# Why do we keep our keys secret, rather than our algorithms? [duplicate]

On almost any website that relates information about cryptography in general there is this common notion that almost all encryption/decryption algorithms should use a key as one of their inputs. The reason behind this is that encryption algorithms that don't use a key are technically useless.

Because of this I cannot help but wonder how they came to that conclusion. Why is it that the common trend in cryptography is to keep the security key a secret but allow the encryption and decryption algorithms to be public. What if both the encryption and decryption algorithms were the secret? In that case there would be no need for a key anymore and it would simplify things a great deal.

For example: suppose I am a software developer that wants to send textual messages from one computer to another (and back) to allow communication (a simple chat app). Suppose the computers are communicating with each other over an insecure network with the TCP/IP protocol. Suppose that I want to ensure their conversation some privacy and come up with this very basic "encryption" algorithm in which I simply add 10 to each ASCII code for each letter in the plaintext before sending it as raw bytes over the network. As such a message such as "Hello, brother!" would be intercepted by any attacker as "Rovvy6*l|y~ro|+".

How can anyone intercepting the message reconstruct the original plaintext if they had no knowledge of either the encryption or decryption algorithms? What would be the best approach to breaking this cryptosystem? Is it really that easy to somehow break encryption schemes that don't use keys, that they are not viable solutions?

Finally, if you want to say something like "Well....you don't need a genius to figure out that you're just adding 10 to each byte of the plaintext", I did that for simplicity's sake. If you want to make the message even more cryptic then feel free to imagine the mathematical formula being a lot more complex (such as adding 7 then subtracting 10 and then multiplying by 2).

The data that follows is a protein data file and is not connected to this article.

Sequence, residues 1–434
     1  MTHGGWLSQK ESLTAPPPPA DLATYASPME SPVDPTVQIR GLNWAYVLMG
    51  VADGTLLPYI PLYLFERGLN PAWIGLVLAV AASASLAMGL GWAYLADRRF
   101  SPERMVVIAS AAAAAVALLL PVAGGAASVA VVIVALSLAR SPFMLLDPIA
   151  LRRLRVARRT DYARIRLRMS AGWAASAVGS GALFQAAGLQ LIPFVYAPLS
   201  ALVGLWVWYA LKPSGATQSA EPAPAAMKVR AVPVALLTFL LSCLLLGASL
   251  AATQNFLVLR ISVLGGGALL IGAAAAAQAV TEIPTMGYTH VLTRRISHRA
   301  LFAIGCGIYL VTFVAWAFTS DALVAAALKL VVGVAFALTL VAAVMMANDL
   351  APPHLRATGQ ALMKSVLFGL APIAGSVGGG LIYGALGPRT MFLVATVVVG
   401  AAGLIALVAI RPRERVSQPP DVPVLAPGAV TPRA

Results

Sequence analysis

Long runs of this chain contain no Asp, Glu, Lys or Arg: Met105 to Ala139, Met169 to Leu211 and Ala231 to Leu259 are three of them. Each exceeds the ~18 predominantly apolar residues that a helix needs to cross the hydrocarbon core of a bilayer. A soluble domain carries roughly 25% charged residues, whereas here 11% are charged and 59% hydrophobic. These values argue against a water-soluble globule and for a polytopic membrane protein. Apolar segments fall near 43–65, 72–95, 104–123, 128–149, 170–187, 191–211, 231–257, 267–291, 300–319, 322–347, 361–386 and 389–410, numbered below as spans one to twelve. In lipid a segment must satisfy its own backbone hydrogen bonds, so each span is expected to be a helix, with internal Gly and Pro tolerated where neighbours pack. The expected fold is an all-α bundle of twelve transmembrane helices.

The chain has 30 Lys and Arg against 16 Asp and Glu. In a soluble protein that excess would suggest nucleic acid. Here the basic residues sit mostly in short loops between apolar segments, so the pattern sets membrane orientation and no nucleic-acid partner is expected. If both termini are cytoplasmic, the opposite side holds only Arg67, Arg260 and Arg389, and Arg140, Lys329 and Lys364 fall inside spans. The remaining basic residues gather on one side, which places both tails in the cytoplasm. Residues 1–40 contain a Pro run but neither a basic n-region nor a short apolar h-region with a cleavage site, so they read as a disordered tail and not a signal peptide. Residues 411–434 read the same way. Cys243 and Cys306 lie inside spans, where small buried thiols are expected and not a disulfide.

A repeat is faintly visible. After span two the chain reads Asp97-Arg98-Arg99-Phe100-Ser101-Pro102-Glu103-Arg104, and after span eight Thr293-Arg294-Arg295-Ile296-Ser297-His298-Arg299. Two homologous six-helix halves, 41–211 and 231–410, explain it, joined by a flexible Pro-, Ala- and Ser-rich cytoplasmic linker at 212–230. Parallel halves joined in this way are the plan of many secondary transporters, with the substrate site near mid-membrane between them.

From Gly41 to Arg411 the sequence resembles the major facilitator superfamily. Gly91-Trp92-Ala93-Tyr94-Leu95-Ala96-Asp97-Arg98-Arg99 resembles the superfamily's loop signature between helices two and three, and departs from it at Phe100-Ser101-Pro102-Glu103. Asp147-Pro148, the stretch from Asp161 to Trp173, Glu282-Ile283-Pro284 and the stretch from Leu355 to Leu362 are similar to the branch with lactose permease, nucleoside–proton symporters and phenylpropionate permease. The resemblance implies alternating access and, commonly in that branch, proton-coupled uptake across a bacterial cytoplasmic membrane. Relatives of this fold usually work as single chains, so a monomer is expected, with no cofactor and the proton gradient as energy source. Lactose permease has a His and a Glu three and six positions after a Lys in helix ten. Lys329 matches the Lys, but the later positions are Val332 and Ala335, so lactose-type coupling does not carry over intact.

• You may find crypto.stackexchange.com provides a different viewpoint. Cryptanalysis is a focus of that site. – Neil Smithline Jun 11 '15 at 3:28
• How do you distribute your algorithm if it has to be a secret? – Elliot Gorokhovsky Jun 11 '15 at 3:39
• Compiled source is decompilable. Even obfuscated code is de-obfuscationable (which is a word I don't get to use often). If someone wants to, you won't be able to stop them (without physically) reverse engineering your code. – Chris Murray Jun 11 '15 at 11:20
• @ChrisMurray That's because the word should be de-obfuscatable (the verb is "obfuscate", not "obfuscation"). – cpast Jun 11 '15 at 13:22

We don't just want secrecy. We want quantifiable secrecy. The point is not only to ensure confidentiality of data, but also to be able to know that we indeed ensured confidentiality of data.

When we have a public algorithm and a secret key, secrecy can be quantified. For instance, if we use AES with a 128-bit key, then we know that an attacker will have to try an average of 2127 possible keys (i.e. way too many to actually do it) to find the right one.

If instead we tried to use a secret algorithm, then we would face three big challenges:

• As @Xander explains, making a secure encryption algorithm is awfully hard. The only known method which offers some decent reliability is public design: publish the algorithm, let loose hundreds of cryptographers on it, and see if they can find something wrong in it. If, after a couple of years, none of them found anything bad in the algorithm, then it is probably not too weak. With a secret algorithm, you have to do all that cross-review work yourself, which is not feasible in any decent amount of time.

• We do not know how many "decent encryption algorithms" can exist. An attacker may try to enumerate the possible algorithms, were "possible" means "that which the designer may have come up with". Part of the issue is in the realm of psychology, so quantification will be hard.

• A secret algorithm still exists as source code on some computer, compiled binaries on some others, and in the head of at least one designer. Unless all the involved development computers and the designer's corpse were dissolved in a big acid cauldron, it is very hard to prevent that "secret algorithm" from leaking everywhere. On the other hand, a secret key is a small element that can be more efficiently managed and kept secret (stored in RAM only, possibly rebuilt from a key exchange algorithm like Diffie-Hellman...).

Since the algorithm will probably leak, you may as well consider it public and rely only on the secrecy of the key. By actually making the algorithm public, you may then benefit from extended review by other people, which is an almost unavoidable precondition for achieving security.

• The mode matters as well, side channels on the mode can and has weakened strong algorithms – jas- Jun 11 '15 at 1:26
• Regarding your third point, it's easier to replace a key than an algorithm. So if you suspect that a key is compromised you can just select a different key. In fact you can do this even if you have no reason to suspect that the key is compromised, switch keys every year or month and you limit the impact of any future leak. Switching encryption algorithm every year would be very difficult. – Taemyr Jun 11 '15 at 13:39

There are a couple of things to consider.